The eyes of the world were on Mexico when they became the first country in Latin America to host the Olympics in 1968. However, beneath the surface and attention of the five rings, a much larger crisis was shielded from the sight of the public. On October 2, 1968, just ten days prior to the opening ceremonies, somewhere between 300 and 400 people were murdered in a massacre against the young, peaceful protesters of Mexico City and the majority of those killed were never named, never identified and, according to some reports from the Mexican Government, never existed.
The late 1960s was a time of political and social tension, not only in the Americas, but the entire world. According to CIA documents released by the Freedom of Information Act in the late 1990s and early 2000s, the days and months prior to the attack, Mexican officials sought to end the unrest within society in preparation for the games. According to Document 70, the CIA Station in Mexico reported that peaceful protests were even stopped from happening and students were murdered without cause, stating, “a policeman pulled his pistol, evidently planning to fire over the students’ heads, but he did not raise the weapon high enough and shot and killed one student.” This is but one example of the back and forth between government entities and civilians. Even with the impending Olympics, the protesters and organizations claimed they were not using the Olympics as a way to disrupt, but rather criticized the $150 million investment, which would equal about $1 billion in today’s standards, that was being invested solely into the event rather than the struggling lower classes of Mexico.
In an interview with BBC from 2008, British journalist Robert Trevor gave his first-hand accounts to the events that transpired on that day. Trevor was in the crowd in hopes of getting a potential story in the works and said that about 3,000 people had gathered in the Plaza de las Tres Culturas. “The majority of these protesters throughout this era were educated college and high school students who sought to make a better Mexico for them and their children to grow up in. These protests never turned physical for the students. Trevor said that shots were fired from the surrounding rooftops of the apartment complexes covering all four sides of the plaza and then the whole area was swarmed with helicopters and gunships firing upon the crowd. Within the chaos and stampede, Trevor escaped to a hotel and filed his report of the events, which was published on the front page of the London Evening News. He wrote about how the police commissioner of Mexico City had held a press conference claiming that 25 people had been killed, including seven policemen. “I knew this wasn’t true because I had seen more people than that being shot,” Trevor said. Since that day, an official death toll has never been given. According to CIA Document 75 of the event, “twenty-four civilians dead, many of whom were students, and one hundred thirty-seven civilians wounded; eight soldiers.” However, according to many studies, somewhere between 300 and 400 civilians died in the events of that day. Declassified documents and research supports the idea that paramilitary forces were ordered to provoke the attack on students that day, even if it meant killing some of their own.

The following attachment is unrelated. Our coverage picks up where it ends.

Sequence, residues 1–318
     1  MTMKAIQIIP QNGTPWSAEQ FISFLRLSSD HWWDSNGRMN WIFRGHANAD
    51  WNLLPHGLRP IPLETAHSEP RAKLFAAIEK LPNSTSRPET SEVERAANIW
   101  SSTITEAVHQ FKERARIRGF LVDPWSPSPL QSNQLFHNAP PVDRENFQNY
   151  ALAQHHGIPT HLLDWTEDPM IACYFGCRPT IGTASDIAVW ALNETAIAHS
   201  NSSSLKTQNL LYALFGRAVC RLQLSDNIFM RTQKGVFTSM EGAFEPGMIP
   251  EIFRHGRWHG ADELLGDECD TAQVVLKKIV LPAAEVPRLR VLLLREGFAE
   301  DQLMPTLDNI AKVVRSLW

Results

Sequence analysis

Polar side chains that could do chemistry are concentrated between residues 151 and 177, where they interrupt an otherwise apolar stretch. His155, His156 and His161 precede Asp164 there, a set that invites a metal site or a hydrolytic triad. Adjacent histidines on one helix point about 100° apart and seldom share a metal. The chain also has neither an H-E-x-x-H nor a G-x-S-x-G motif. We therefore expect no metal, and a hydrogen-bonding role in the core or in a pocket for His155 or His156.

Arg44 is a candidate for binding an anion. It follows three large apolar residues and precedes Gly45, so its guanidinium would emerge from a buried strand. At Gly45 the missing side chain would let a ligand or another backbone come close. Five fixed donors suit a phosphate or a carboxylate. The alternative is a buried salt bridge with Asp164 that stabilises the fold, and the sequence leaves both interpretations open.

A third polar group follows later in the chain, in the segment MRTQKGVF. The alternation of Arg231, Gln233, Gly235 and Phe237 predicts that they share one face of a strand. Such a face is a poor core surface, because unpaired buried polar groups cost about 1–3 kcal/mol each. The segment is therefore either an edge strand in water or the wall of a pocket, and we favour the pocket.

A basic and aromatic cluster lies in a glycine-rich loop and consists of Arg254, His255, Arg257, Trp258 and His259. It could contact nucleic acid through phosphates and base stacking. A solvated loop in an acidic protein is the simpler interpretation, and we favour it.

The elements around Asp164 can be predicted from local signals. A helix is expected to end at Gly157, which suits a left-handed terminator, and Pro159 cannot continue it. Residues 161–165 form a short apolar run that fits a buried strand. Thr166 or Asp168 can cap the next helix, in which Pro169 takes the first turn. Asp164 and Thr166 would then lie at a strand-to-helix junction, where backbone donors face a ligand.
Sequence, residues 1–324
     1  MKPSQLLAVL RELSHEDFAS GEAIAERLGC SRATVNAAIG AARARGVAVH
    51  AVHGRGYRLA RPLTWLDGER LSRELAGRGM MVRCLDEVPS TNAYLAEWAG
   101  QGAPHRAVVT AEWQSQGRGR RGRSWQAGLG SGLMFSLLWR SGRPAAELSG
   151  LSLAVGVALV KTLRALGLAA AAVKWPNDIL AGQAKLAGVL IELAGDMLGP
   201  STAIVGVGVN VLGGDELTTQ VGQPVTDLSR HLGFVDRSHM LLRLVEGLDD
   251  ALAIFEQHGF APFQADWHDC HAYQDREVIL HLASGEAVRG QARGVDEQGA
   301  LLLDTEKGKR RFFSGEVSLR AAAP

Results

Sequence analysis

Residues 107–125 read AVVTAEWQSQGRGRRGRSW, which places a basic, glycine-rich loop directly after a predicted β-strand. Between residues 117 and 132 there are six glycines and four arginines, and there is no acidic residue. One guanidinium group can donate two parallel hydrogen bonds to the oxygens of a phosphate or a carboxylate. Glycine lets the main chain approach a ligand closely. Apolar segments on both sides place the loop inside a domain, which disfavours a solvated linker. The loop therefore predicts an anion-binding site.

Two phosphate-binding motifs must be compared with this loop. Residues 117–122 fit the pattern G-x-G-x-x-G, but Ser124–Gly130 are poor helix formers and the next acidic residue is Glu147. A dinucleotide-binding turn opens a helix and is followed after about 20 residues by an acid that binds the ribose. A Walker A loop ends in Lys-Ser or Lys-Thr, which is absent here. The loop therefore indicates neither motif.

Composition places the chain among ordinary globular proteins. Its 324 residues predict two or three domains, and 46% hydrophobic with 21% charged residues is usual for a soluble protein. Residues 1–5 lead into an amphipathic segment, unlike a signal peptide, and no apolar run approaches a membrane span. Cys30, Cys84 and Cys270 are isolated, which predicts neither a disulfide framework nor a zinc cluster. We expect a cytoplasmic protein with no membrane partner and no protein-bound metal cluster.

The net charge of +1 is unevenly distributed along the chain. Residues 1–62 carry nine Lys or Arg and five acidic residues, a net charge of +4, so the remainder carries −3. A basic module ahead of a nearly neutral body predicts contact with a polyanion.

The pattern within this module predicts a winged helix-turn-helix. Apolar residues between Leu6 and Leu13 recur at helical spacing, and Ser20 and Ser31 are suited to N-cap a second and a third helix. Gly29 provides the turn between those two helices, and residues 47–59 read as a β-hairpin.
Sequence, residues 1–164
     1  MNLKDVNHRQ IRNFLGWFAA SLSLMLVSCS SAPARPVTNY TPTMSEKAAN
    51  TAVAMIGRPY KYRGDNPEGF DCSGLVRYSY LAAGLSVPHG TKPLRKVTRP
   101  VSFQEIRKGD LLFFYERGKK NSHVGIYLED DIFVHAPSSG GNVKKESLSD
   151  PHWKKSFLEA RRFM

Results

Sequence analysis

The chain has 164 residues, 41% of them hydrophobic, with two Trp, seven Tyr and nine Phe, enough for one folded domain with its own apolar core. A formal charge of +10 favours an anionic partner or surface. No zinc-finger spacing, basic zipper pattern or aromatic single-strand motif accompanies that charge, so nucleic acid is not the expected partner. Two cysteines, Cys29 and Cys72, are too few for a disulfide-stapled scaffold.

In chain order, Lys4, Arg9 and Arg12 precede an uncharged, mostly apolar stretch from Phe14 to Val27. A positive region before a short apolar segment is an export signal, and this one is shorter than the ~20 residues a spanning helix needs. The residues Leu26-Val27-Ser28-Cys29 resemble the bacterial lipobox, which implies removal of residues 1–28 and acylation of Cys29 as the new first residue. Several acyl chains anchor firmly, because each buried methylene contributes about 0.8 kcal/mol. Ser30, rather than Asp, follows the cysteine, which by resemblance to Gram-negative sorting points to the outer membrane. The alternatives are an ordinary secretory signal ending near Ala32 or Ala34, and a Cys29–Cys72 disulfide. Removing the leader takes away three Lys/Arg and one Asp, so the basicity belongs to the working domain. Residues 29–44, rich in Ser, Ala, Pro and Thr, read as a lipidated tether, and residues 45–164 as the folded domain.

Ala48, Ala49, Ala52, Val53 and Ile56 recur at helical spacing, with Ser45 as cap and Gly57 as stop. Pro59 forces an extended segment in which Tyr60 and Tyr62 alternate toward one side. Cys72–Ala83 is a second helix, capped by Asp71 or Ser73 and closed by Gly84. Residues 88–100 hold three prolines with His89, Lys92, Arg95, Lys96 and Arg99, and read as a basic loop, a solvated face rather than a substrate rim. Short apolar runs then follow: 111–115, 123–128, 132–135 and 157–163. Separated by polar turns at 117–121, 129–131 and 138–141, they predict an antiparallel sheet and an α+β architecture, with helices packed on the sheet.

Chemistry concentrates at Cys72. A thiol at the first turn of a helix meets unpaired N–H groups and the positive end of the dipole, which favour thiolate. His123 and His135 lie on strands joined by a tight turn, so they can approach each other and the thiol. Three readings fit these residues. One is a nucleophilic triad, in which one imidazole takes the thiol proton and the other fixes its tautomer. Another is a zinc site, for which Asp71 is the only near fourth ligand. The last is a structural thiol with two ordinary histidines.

In the early 2000s, charges were placed upon the former president of Mexico Luis Echeverria for his role in the Tlatelolco Massacre as well as the Corpus Christi Massacre in Mexico City. Ultimately, due to the 30-year statute of limitations, the charges were dropped in 2006. No one has been held accountable for either massacres to this day. Mexico City citizens still hold a march throughout the city on the anniversary of the massacre every year.